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4 Things All iPhone Owners Should Know About Spyware and Its Risks

Whatever model of mobile you use, it’s your responsibility to get educated about the security threats you face each day. iPhone owners are definitely better off with a basic understanding of modern risks under their belts. So let’s go over the most important info regarding spyware in particular so that you can steer clear of it where possible, and deal with infections when they do arise.

4 Things All iPhone Owners Should Know About Spyware and Its Risks

Spyware is everywhere

The issue of spyware is near universal, extending beyond smartphones to include every type of connected device.

However, since our handsets are so essential to modern life, they’re prime targets for cybercriminal groups who develop malicious software. And that makes them more likely to be targeted and successfully infected as a result.

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As such it’s not a question of if your iPhone will encounter spyware, but when. Don’t feel smug just because Android is more frequently attacked in this manner; there are still plenty of underhanded campaigns tailored to Apple fans which you need to be clued up on.

Infections can occur in many ways

Hackers can wangle their way onto your iPhone through multiple avenues, including:

Text message

Malicious links sent via SMS are widely associated with identity theft, since unsuspecting mobile users are easily duped when messages they receive look legitimate.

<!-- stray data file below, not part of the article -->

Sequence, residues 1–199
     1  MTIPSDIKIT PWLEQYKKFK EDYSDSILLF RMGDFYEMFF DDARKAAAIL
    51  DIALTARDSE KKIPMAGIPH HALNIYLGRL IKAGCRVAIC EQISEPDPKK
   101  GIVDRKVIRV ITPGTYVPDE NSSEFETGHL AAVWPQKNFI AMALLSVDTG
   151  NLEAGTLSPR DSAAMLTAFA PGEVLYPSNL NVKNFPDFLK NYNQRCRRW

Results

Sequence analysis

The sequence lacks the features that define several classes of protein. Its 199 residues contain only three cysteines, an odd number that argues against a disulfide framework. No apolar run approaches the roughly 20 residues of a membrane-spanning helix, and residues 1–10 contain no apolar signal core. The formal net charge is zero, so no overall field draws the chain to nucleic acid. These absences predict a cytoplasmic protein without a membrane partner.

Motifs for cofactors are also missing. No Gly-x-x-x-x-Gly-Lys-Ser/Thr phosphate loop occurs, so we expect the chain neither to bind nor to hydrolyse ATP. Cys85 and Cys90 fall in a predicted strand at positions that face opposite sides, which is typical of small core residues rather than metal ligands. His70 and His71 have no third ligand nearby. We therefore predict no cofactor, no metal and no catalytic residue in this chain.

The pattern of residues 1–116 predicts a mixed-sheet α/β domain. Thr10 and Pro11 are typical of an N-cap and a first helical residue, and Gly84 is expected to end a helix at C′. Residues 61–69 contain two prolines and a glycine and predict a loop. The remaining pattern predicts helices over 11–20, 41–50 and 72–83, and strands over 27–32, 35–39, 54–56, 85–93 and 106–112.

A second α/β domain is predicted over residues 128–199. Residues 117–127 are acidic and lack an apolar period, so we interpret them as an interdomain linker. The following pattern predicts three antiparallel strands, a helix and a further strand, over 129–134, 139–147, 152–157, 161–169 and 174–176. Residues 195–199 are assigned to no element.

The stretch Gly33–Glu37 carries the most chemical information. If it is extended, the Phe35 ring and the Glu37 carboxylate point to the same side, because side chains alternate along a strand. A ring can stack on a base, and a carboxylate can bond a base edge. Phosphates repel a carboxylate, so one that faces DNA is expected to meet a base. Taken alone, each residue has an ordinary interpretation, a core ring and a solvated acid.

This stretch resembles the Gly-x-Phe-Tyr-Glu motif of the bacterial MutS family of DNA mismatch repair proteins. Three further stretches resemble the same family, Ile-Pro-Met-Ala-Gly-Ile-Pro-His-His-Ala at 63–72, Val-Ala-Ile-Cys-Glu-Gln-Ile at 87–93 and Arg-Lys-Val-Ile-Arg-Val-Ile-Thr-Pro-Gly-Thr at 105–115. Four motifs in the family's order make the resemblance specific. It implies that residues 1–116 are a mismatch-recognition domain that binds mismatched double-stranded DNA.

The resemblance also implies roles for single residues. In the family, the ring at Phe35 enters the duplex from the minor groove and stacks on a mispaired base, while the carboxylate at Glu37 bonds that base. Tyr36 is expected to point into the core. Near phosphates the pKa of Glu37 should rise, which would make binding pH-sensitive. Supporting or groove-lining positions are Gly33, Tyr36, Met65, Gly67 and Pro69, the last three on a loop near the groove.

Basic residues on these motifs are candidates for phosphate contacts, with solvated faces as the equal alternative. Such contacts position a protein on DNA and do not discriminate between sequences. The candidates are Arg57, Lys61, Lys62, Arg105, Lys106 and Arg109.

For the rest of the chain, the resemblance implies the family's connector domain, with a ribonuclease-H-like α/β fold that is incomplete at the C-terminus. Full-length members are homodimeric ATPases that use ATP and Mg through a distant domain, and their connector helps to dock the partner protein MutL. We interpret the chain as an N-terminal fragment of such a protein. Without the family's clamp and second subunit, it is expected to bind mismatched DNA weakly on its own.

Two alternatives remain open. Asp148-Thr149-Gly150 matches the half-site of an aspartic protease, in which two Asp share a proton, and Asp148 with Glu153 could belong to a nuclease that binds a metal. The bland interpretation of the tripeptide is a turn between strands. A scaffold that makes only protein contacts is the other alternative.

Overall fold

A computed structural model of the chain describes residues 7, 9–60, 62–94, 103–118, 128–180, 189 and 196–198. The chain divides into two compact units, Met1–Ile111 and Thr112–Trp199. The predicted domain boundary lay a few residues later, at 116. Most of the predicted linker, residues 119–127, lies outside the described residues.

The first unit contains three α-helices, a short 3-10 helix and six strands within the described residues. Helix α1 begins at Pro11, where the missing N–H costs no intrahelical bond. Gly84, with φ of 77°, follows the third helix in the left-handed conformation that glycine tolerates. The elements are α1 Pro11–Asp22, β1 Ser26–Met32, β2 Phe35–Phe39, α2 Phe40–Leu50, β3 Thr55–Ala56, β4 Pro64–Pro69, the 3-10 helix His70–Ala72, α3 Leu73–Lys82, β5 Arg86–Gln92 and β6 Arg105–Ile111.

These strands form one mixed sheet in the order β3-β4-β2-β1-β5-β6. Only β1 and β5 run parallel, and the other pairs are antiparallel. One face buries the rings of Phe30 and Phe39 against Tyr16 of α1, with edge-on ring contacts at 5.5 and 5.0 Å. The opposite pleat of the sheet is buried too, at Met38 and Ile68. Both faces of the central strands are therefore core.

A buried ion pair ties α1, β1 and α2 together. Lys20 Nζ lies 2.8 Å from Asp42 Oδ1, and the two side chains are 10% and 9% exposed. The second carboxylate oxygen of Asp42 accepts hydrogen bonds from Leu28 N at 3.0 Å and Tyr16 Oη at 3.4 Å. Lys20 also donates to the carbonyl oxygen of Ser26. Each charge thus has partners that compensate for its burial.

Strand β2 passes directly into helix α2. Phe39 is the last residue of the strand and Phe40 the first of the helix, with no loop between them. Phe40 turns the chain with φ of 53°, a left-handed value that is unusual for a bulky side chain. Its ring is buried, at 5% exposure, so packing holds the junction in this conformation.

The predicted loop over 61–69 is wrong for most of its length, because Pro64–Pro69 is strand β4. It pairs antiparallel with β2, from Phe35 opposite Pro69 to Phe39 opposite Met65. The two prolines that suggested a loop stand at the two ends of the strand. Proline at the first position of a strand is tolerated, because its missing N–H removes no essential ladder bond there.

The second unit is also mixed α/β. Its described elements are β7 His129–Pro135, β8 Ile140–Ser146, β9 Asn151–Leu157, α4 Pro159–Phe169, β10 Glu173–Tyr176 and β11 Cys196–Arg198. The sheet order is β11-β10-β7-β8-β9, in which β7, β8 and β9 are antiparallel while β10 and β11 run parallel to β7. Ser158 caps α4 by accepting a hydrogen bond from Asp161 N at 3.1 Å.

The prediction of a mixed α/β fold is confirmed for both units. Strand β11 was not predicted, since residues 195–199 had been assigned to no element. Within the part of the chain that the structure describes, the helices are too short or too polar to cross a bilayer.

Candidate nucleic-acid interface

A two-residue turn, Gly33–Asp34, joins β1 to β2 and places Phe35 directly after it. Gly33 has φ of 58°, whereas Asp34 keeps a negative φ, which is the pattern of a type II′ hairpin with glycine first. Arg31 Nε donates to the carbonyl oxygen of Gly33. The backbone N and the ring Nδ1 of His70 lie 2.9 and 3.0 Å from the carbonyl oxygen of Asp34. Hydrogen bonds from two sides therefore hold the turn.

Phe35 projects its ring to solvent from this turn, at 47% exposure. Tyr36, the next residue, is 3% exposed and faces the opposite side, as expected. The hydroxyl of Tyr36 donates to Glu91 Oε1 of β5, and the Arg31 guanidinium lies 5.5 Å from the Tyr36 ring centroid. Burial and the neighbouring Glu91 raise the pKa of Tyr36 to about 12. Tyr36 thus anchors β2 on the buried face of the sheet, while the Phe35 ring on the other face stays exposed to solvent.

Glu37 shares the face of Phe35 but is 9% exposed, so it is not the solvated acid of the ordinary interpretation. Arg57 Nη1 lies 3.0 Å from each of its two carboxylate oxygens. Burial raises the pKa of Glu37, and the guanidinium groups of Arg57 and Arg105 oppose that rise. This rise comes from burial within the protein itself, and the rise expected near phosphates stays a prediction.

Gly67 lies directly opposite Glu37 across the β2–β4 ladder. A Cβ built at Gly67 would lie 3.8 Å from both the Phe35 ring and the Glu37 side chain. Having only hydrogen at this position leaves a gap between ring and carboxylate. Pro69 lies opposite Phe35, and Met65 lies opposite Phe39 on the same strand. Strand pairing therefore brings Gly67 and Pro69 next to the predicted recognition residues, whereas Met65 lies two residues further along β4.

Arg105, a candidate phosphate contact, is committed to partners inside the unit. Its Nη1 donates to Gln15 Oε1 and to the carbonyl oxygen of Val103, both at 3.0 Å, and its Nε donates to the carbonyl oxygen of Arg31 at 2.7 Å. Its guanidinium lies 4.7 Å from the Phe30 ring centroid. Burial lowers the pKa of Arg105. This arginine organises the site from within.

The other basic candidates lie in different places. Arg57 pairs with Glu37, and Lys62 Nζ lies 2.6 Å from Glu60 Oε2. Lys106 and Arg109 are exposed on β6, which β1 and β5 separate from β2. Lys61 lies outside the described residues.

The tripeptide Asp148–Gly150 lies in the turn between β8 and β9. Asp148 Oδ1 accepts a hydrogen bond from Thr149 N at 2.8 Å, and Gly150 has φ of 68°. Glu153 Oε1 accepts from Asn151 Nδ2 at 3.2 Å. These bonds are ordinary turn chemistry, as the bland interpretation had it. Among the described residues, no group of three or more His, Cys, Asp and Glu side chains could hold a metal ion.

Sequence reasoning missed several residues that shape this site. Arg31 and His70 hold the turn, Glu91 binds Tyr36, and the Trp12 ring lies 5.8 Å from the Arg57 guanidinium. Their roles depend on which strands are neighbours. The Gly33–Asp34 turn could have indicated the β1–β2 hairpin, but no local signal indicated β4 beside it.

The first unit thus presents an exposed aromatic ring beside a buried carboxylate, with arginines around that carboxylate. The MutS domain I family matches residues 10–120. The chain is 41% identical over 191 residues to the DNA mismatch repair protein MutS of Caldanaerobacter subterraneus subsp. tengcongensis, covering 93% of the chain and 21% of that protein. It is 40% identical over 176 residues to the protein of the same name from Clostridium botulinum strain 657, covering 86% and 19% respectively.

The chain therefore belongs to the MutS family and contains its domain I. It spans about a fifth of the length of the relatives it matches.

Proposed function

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Scammers can claim to represent a government body, a parcel delivery service, or anything in between to trick people into clicking links which end up downloading spyware onto their phone instead.

Email

In much the same way as malicious texts, a scam email either containing spyware itself or linking to it elsewhere online is another tried and tested strategy.

Apps

Google has had to step in to remove apps for spying on users, and even with tighter measures put in place to prevent exploitation of the Play Store marketplace, there’s still a risk associated with downloading little-known software from legitimate platforms.


This also applies to Apple’s own digital store, so think twice before you download any app that doesn’t have many reviews.

Direct installation

This is another widespread way for spyware to end up on iPhones, and requires that a third party has physical access to your handset in order to install the malicious software of their choice.

As such, leaving your phone on show and unattended in public is always unwise. Even if it doesn’t get stolen, it could end up infected, and can then be used to monitor your every move, steal your data, eavesdrop on your conversations and much more.

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Using a custom lock screen which is protected from unauthorized users and is still functional and fun for your own interactions makes sense.

Phishing website

Lastly, if you visit dodgy websites using your iPhone, this could be a backdoor by which spyware infections occur. So stick to well known, secure sites instead.

Checking your iPhone for spyware